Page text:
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Wednesday, November 26, 2008

Starbucks RED

Starbucks announced today that in honor of the World AIDS Day 20th anniversary, the company will donate a nickel for every beverage purchased on December 1st to the Global Fund. Starbucks CEO Howard Schultz explained, "Now more than ever, it is important to continue to be a responsible global company. We have a deep partnership with coffee growing regions in Africa and are proud to partner with our customers to contribute toward an AIDS-free Africa."

Howard is absolutely right that Starbucks is a responsible company and they have a vested interest in peace and health on the African continent. The company has a great record for sustainable business practices, with the most obvious example of providing health insurance to the vast majority of their 143,000 employees (you even get insurance if you work part time at Starbucks). But is this whole RED thing really going to make a difference or is it just a clever marketing lever used to juice up sales?

My calculations show that on December 1st Starbucks will likely donate a mere $300,000 to the Global Fund at the going rate of 5 cents a drink. This is a drop in the bucket compared to the nearly $15 billion that the Global Fund has deployed to combat AIDS and also only 0.07% of Starbucks' annual general and administrative costs.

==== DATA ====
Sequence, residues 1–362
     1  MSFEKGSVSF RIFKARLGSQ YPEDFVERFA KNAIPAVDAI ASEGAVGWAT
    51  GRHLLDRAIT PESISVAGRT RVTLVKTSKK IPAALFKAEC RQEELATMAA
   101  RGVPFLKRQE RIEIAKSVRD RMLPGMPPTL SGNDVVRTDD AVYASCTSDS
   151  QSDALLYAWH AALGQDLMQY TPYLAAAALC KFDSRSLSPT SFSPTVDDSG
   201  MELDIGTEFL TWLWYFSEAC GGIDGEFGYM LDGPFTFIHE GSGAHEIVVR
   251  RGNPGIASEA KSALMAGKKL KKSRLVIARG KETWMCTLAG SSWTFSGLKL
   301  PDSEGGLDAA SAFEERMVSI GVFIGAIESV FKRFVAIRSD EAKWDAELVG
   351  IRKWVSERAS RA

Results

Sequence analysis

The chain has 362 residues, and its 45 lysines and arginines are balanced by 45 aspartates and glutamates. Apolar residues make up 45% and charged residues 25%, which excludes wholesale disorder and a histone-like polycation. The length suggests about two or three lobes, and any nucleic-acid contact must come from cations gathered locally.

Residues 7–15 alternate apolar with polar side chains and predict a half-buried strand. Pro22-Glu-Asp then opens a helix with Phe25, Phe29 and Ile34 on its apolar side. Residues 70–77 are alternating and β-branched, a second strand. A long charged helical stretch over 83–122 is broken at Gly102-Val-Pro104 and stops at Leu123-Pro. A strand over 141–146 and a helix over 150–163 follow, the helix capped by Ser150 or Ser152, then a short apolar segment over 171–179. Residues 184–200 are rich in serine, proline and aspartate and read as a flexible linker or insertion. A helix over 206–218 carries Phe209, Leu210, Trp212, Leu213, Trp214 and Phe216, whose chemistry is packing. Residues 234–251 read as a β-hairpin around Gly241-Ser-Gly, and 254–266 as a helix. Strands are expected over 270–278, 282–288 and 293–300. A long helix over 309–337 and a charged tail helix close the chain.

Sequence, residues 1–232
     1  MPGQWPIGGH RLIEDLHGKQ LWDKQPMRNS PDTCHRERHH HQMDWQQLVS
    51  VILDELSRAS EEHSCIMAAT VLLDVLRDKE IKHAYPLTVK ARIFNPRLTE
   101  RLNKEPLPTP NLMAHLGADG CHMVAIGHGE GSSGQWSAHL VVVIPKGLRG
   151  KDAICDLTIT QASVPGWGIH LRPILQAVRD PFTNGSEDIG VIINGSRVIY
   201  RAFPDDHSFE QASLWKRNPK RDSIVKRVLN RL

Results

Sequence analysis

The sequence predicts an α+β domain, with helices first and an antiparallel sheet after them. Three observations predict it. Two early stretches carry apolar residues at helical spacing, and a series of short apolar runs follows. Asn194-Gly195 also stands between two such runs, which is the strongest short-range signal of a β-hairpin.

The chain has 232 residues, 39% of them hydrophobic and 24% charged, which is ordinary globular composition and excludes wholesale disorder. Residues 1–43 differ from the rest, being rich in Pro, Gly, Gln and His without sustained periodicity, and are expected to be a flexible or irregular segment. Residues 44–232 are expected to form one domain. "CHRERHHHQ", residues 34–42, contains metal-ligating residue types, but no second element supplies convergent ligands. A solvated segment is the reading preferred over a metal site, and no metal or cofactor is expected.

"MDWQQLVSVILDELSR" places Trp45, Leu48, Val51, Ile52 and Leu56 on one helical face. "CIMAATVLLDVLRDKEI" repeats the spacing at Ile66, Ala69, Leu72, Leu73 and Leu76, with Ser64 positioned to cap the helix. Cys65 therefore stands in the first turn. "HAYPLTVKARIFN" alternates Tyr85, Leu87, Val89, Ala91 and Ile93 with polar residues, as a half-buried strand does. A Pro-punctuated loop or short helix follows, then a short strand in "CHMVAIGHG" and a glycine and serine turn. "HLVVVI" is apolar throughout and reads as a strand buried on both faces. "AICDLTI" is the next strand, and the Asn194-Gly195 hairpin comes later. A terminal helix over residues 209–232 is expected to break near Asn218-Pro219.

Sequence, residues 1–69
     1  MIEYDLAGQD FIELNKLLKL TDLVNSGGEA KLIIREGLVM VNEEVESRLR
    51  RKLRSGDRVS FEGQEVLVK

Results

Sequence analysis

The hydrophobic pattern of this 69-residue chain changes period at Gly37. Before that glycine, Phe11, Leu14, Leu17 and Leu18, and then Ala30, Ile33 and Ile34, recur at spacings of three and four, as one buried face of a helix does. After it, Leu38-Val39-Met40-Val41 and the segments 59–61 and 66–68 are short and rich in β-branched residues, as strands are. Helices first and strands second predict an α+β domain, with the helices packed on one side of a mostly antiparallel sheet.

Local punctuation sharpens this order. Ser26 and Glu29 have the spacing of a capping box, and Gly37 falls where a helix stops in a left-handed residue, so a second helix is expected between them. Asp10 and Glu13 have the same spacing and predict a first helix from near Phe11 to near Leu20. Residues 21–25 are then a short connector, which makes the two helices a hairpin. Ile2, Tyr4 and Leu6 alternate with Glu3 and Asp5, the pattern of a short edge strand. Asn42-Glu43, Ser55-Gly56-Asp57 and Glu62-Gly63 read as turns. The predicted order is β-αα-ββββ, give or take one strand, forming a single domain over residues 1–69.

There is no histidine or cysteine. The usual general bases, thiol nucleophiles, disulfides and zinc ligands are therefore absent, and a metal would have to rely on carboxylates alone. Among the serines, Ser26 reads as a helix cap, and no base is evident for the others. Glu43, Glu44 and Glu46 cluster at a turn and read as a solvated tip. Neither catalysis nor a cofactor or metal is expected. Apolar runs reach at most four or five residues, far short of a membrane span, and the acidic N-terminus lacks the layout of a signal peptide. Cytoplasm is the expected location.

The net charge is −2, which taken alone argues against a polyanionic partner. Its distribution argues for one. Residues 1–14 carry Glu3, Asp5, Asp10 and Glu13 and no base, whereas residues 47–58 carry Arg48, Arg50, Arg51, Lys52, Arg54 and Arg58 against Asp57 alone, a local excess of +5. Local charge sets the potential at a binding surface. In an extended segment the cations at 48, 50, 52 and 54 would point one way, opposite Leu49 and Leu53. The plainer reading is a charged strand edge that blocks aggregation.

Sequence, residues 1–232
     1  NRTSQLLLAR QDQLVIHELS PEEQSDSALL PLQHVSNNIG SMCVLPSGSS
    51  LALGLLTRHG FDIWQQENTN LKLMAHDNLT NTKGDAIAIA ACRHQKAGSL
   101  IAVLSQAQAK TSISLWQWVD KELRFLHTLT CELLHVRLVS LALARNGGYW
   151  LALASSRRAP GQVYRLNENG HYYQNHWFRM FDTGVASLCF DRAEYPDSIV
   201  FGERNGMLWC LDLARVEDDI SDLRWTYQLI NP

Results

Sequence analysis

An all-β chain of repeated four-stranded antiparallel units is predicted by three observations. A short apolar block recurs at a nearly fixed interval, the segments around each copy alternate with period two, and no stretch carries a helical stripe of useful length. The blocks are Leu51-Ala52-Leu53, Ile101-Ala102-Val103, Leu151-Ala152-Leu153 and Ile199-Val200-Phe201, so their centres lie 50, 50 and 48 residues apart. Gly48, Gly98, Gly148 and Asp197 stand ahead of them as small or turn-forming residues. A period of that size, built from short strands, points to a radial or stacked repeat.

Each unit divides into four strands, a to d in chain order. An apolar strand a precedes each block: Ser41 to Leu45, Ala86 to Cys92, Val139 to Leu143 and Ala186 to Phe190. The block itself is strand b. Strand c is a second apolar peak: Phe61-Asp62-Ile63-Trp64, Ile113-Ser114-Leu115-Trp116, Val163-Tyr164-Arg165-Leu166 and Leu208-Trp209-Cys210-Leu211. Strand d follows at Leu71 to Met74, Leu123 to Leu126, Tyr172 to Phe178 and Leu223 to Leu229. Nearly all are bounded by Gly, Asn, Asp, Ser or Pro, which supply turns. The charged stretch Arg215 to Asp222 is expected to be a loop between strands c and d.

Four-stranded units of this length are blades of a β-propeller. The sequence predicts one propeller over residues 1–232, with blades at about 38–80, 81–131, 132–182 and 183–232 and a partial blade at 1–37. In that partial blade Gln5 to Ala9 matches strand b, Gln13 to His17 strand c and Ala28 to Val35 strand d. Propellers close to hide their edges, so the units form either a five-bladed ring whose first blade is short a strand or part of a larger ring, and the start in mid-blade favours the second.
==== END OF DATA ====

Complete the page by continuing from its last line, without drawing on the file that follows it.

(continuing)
When will marketers realize that lightweight partnerships with humanitarian and green causes dilute the honesty of a brand and sow customer distrust and confusion? Partner with good causes because it is the right thing to do, not because you can generate a bump in holiday sales.

Tuesday, November 25, 2008

U.S. Smoking Rates

U.S. smoking rates have declined dramatically since the 1950s. Increased health awareness, smoking bans, and tobacco taxes have obviously contributed to the decline. What caused high school student smoking rates to jump in the 1990s? Any ideas?

Here is the article.

Sunday, November 23, 2008

Fiber One Cereal: Profits, Aspartame, and "Healthy" Cereal?

General Mills' Fiber One cereal has been around for decades, but recently the cereal notorious at kitchen table confabulations for its resemblance to eating cardboard and experiencing gastronomic purgatory has received an inordinate amount of attention. Given the company's $560 million advertising spending so far this year, the venerable Advertising Age recently ran a piece on the product line at the forefront of General Mills' conquest for the supermarket aisles and kitchen pantries across America: "In the past 18 months, Fiber One has expanded from five items in two categories to 20 items in six categories. Fiber One ready-to-eat cereal alone has seen 2008 sales rise 38.2% to $44.1 million for the period ended Oct. 5, according to Information Resources Inc."